Red-eyed poop!

I was looking at some of my older files and ran across these photographs taken in early 2011 in Campinas (São Paulo state), Brazil. They’re not my best photos from a compositional and technical perspective, as I was still on the steep part of the learning curve with the Canon MP-E 65mm macro lens. This lens is no doubt powerful and allows amazingly close-up photographs, but it is rather a beast to learn in the field, especially hand-held. I could quibble endlessly about missed focus and suboptimal composition with these shots, and that is probably why they never made it to the front of the line for being posted. Nevertheless, they still depict some interesting natural history by one of nature’s most famous natural history poster children—the treehoppers (order Hemiptera; family Membracidae).

An adult next to a cast nymphal exuvia.

Bolbonota sp. (Hemiptera: Membracidae), upper right | Campinas, São Paulo, Brazil. Note cast exuvia.

The treehoppers shown in these photos were found on a low shrub in a municipal park and are all that I could manage before my clumsy, unpracticed molestations caused the few adults and nymphs present in the aggregation to disperse. The dark coloration of the adult and its globular form, corrugated pronotal surface, and lack of any horns identify the species as a member of the genus Bolbonota in the New World tribe Membracini (another similar genus, Bolbonotoides, occurs as a single species in Mexico). Species identification, however, is much more difficult, as there are at least a dozen species recorded from Brazil and perhaps many more awaiting description. We have a similar though slightly more elongate species here in eastern North America, Tylopelta americana. I don’t know if this is a specific character or not, but I don’t recall seeing any members of this genus with smoldering red eyes—it gives them an almost devilish appearance, especially the blackish adults (see last photo)!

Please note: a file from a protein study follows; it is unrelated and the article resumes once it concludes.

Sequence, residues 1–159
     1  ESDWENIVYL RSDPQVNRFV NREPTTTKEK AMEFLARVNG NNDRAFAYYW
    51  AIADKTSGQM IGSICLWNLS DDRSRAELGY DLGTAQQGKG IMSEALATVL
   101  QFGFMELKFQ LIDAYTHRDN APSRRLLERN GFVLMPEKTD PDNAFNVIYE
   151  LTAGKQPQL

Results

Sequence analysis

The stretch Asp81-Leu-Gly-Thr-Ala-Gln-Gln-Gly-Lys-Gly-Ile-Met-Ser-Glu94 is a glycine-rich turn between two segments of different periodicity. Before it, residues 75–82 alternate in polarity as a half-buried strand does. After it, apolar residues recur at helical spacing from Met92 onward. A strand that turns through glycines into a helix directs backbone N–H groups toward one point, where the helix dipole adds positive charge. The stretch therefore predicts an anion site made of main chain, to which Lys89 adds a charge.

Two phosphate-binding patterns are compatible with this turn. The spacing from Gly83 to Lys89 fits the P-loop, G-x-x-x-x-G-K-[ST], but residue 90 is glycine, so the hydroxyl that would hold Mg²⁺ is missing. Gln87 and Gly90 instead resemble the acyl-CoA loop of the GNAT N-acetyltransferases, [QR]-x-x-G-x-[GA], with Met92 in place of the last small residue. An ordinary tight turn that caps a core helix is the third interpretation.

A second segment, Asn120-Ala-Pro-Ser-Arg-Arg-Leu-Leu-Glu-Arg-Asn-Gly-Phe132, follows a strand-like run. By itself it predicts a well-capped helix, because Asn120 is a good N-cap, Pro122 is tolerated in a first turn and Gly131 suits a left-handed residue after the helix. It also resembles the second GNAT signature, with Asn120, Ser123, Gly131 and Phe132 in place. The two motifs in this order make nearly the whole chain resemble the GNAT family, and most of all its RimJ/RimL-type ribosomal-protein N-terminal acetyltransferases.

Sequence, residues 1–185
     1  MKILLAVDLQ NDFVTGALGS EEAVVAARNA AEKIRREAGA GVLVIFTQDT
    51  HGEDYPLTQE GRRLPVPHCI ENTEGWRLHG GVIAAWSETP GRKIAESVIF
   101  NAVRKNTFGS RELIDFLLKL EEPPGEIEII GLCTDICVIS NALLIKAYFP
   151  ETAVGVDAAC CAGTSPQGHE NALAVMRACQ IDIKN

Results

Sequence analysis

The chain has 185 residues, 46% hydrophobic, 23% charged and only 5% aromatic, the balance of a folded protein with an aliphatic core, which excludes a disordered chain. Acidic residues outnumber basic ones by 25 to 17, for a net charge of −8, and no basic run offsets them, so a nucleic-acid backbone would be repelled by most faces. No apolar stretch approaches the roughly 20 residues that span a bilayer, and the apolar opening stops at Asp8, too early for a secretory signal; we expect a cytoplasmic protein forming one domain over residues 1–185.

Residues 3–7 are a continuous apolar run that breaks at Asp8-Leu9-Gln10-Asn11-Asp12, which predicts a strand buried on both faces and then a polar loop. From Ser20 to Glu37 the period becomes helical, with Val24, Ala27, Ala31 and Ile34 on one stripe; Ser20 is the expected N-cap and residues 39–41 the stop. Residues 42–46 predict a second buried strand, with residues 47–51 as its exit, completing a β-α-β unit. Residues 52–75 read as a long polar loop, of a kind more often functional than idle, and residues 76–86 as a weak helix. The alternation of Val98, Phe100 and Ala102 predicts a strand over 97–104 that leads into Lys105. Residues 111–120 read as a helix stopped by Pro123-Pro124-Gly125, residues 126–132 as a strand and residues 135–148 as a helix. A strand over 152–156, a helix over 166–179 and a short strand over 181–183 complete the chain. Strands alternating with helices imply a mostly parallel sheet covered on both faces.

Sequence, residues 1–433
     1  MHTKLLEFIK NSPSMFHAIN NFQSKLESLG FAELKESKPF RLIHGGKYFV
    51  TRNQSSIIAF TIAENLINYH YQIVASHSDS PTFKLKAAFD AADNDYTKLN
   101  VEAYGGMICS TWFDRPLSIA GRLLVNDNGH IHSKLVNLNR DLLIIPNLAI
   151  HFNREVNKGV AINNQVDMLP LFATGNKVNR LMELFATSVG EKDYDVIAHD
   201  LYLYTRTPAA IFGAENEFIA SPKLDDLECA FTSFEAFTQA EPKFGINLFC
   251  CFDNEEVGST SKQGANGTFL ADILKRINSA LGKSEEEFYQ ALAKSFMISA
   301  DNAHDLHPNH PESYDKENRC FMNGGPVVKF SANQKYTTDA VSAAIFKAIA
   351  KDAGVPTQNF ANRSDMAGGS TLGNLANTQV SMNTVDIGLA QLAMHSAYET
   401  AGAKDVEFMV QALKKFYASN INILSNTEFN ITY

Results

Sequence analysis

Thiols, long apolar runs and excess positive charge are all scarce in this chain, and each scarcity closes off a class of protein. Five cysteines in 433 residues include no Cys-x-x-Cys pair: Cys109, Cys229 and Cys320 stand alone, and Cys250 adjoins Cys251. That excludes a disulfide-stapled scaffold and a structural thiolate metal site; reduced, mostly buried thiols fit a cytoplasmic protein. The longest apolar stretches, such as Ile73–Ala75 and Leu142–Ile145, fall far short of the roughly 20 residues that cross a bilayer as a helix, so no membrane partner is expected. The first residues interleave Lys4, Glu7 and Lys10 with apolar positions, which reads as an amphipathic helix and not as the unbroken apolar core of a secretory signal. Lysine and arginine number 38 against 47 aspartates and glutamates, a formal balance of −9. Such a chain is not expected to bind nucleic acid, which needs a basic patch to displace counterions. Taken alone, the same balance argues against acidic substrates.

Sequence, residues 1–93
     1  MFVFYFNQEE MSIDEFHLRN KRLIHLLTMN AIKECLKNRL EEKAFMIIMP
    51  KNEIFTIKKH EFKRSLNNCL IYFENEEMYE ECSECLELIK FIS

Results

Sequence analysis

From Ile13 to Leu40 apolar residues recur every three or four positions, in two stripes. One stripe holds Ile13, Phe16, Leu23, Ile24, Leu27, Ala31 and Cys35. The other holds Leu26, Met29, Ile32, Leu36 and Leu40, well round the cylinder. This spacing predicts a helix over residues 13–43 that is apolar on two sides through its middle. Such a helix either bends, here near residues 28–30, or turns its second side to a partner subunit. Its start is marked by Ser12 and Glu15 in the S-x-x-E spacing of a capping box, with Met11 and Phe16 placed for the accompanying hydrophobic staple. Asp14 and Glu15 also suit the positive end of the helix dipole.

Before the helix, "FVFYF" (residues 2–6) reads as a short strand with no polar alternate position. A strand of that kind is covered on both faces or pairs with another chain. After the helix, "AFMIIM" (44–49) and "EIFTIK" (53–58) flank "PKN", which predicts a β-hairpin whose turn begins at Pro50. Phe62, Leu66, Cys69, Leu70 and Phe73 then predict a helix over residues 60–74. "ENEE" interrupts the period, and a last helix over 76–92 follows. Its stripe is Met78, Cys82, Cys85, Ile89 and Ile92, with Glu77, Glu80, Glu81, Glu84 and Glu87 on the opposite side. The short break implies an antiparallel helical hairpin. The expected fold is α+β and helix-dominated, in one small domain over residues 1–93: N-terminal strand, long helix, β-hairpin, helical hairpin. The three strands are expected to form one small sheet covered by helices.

Bolbonota sp. late-instar nymphs clustered together.